Shadow Ambiguity in Poetry

I’m thinking about ambiguity in language and I blame credit  Grammar Girl, and her podcast on crash blossoms http://www.quickanddirtytips.com/education/grammar/fun-with-crash-blossoms  based on  text by Gretchen McCullough of  All Things  Linguistic  http://allthingslinguistic.com.

Crash blossoms can be funny or disturbing, but what they have in common is they are unintentional creations.  More interesting, for poetry, is the purposeful use of ambiguity — pretty much the opposite of a Crash blossom.

Purposeful ambiguity allows a poet to create additional meaning, adjust tone, create surprise, and/or  juxtapose two ideas with subtlety.   Additionally, purposeful ambiguity can  create points where the poem turns or shifts.  To take a slightly different metaphor, if the poem is a house then ambiguities can be hinges allowing a the visitor to open a door and traverse from room to room.  The example I have today is that of shadow ambiguity, in which the ambiguity is a layer of intentional but not primary meaning.  This is analogous to a photo, in which a person’s shadow is not the primary focus but the shadow creates depth and tone and context.

Here’s the example, from the first lines of Dean  Young’s  “Romanticism 101” which was published in the July/August 2014 issue of Poetry:

Then I realized I hadn’t secured the boat.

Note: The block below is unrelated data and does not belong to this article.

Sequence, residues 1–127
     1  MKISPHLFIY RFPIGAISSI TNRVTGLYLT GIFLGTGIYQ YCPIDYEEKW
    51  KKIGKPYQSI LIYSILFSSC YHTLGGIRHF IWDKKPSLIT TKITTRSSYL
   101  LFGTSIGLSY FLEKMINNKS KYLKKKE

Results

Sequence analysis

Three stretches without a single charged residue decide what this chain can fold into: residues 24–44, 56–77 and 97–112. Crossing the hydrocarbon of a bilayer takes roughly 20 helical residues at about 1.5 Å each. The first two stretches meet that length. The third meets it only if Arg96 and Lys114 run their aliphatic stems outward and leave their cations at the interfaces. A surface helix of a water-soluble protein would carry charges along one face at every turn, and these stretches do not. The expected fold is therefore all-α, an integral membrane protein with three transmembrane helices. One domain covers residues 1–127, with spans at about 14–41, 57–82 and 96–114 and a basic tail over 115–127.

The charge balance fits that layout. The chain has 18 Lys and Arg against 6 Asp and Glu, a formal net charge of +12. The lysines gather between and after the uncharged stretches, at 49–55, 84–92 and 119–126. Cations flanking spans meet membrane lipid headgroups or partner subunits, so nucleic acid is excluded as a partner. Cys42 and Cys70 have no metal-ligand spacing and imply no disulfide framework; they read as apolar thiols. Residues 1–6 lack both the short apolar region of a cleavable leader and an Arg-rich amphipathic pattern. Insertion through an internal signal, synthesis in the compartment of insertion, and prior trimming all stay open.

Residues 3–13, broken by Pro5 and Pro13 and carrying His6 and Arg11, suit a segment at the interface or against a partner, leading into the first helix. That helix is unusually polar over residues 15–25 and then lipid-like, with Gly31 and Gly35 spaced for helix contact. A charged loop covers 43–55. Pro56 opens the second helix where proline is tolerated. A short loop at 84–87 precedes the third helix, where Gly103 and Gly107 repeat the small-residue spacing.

Then I realized my friend had lied to me.
Then I realized my dog was gone
no matter how much I called in the rain.

In this example, we know that the speaker has called while “in the rain” not “called in” the rain.  That is, he’s not doing a rain dance.  However that quiet flash of possible meaning hints at the idea of the speaker’s own agency in the situation.  He is probably at least partly responsible for creating his current state.  This adds to the melancholy of  the circumstance of a friend’s betrayal, a boat adrift (or a life adrift like the boat) and calling to a dog in the rain.   Here the shadow ambiguity works to cast the idea of additional meaning useful to the poem.  In this case the ambiguity creates a subtle suggestion of self-recrimination.

What do you think about the use of purposeful ambiguity in poems?  Do you have some favorite examples?